What happened at the Battle of Navarino?

At 2 o’clock in the afternoon on October 20th, 1827, the Allied fleet entered the narrow bay of historical Pylos in a united show of strength, creating an impressive atmosphere of silence and expectation in the cove.

The curtain had now risen on the crucial Battle of Navarino, which would shortly and more specifically at 2.25 pm, astonish not only its protagonists, but also people throughout Europe, who were waiting with bated breath for the newspapers to report the latest details of the desperate struggle of the Greeks, whose many developments were astonishing the global community at the time.

The entire battle, from beginning to end, consisted of repeated individual engagements of ships in a chaotic and deadly struggle, bolstered by mutual support but also weakened by friendly fire. All this took place in an enclosed bay, in which 90 Ottoman and 27 Allied warships would not easily have been able to maneuver even under peaceful conditions, not to mention the transportation ships, which were kept under constant pressure and fired upon ceaselessly, creating a truly hellish atmosphere.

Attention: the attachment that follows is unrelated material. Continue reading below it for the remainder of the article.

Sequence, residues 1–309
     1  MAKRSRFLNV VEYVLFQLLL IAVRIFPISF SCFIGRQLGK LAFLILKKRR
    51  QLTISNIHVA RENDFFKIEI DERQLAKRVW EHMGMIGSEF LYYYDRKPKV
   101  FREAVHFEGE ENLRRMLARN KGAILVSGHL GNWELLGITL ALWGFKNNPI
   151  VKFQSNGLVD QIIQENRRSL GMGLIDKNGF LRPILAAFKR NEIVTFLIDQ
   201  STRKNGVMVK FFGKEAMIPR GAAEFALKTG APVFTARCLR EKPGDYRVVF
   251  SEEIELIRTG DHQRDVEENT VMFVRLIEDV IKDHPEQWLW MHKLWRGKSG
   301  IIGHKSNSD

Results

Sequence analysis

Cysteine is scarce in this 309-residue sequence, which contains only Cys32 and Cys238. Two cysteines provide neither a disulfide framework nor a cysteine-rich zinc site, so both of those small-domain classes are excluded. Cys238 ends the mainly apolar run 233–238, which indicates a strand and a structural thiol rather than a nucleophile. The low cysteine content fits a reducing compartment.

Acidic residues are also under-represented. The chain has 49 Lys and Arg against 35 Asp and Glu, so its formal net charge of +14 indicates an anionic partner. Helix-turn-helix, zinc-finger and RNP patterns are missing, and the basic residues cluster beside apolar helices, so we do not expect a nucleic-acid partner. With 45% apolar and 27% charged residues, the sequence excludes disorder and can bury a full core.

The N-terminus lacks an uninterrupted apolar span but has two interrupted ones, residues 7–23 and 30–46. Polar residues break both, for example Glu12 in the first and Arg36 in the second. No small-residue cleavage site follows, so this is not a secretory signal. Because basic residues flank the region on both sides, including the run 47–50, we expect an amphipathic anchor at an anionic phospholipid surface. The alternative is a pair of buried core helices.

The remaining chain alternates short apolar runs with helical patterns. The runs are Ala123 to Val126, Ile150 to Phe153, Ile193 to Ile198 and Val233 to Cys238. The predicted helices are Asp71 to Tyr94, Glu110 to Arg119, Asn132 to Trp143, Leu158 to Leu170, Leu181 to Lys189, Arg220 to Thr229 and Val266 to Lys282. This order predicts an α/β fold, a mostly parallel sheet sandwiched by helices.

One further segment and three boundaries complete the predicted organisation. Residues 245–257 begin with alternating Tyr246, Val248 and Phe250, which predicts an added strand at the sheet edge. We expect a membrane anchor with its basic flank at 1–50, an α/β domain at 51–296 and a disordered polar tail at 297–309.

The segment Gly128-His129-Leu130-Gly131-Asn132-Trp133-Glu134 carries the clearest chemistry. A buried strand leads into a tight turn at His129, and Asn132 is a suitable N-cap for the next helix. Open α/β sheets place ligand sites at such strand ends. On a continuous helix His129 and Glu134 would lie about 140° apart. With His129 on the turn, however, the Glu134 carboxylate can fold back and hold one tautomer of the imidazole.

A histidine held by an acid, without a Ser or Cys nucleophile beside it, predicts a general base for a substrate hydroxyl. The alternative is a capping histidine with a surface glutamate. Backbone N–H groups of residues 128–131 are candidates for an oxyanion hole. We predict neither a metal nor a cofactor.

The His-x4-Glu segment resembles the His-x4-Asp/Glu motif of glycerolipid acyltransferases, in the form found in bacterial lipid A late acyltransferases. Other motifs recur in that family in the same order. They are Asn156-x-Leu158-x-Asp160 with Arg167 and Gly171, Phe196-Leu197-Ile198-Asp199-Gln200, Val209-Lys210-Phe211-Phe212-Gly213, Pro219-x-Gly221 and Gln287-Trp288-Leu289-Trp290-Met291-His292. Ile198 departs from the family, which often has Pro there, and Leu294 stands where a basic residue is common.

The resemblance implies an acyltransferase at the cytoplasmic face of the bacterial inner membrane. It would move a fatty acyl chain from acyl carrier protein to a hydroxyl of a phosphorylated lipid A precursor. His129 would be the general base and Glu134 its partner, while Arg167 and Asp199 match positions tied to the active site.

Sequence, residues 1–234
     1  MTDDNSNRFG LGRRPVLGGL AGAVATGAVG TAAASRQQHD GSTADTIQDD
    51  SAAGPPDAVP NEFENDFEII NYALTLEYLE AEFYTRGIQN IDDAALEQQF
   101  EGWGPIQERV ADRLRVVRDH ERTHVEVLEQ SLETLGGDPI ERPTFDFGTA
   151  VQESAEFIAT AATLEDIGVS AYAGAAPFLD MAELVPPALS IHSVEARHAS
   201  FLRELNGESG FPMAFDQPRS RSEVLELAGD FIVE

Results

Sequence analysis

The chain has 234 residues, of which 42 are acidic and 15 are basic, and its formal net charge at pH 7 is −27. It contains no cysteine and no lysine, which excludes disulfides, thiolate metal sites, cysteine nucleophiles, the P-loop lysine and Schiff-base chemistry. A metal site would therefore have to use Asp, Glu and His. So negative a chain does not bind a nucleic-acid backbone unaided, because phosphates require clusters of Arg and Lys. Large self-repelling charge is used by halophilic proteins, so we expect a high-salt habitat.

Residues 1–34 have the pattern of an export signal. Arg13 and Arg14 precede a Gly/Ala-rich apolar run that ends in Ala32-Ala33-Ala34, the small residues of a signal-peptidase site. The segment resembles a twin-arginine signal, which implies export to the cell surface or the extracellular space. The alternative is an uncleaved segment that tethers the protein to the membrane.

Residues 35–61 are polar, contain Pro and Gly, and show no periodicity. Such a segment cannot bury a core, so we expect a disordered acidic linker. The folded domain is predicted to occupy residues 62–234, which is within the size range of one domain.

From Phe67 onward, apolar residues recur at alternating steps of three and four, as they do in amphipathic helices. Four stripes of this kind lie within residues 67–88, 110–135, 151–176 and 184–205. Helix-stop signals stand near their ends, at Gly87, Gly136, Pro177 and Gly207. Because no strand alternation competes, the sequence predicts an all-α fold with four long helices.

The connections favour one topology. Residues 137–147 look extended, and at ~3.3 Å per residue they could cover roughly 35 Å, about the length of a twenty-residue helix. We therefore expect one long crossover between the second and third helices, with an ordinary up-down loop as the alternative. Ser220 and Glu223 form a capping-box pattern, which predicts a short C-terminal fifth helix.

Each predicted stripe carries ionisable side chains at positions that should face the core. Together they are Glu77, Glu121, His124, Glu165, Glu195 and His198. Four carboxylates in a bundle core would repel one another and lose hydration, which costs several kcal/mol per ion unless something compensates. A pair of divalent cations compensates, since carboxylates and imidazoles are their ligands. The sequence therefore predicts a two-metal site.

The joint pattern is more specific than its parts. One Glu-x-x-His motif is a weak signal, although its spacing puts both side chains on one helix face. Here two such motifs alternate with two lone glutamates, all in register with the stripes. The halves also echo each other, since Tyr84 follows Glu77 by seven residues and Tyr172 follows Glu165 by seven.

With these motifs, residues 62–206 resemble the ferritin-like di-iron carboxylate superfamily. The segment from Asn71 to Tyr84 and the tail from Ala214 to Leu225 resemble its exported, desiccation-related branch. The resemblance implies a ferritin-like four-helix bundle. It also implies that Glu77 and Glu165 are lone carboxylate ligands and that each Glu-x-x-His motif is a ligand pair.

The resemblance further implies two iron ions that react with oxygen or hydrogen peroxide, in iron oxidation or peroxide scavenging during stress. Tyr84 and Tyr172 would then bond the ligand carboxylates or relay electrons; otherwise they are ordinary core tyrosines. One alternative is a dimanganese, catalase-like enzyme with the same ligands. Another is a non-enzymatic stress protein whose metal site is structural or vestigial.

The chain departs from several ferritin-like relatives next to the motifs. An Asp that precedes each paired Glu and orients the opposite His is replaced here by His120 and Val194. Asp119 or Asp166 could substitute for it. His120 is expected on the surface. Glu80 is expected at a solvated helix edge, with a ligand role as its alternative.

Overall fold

How did the world react?

The news of the Battle of Navarino was published in the “General Newspaper of Greece,” which noted: “At present/ on 8 to month, we have heard from Spetses that last Saturday there was a heavy cannonade in the direction of Neokastro [a castle on one side of Navarino bay], and it is concluded that the allied fleets hit the Turkish fleet there,” while lower down on the same page it reports, “We are informed by letter from Spetses and Arkadia that the Turkish-Egyptian fleet at Neokastro was utterly destroyed by the Allied fleets of the three mighty powers.”

Unsurprisingly, the Allies’ victory at Navarino triggered a wave of enthusiasm and emotions among the Greeks, who now began to see the path of liberation opening up before them more promisingly than ever. In memoirs and eye-witness accounts, contemporaries immortalized this victorious battle in the War of Independence in glorious and optimistic terms.

Following the departure of the protagonists from the theatre of operations, a large public debate ensued over the conducting of the battle, its underlying causes, and its impact on European public opinion. Various views were expressed. It can be mentioned indicatively that the Turkish fleet was “dispatched at anchorage,” for example, or that the Ottomans were the first to open fire but only in legitimate defense, or even that the battle was unexpected and that the Turks and Egyptians were caught unawares. However, irrespective of all these arguments, what was most important was that instead of abiding by and implementing the Treaty of London, which they had signed, the Ottomans had continued in their excesses and breaches of faith, provoking the Allies and leaving them with no choice but to employ violence and engage in conflict.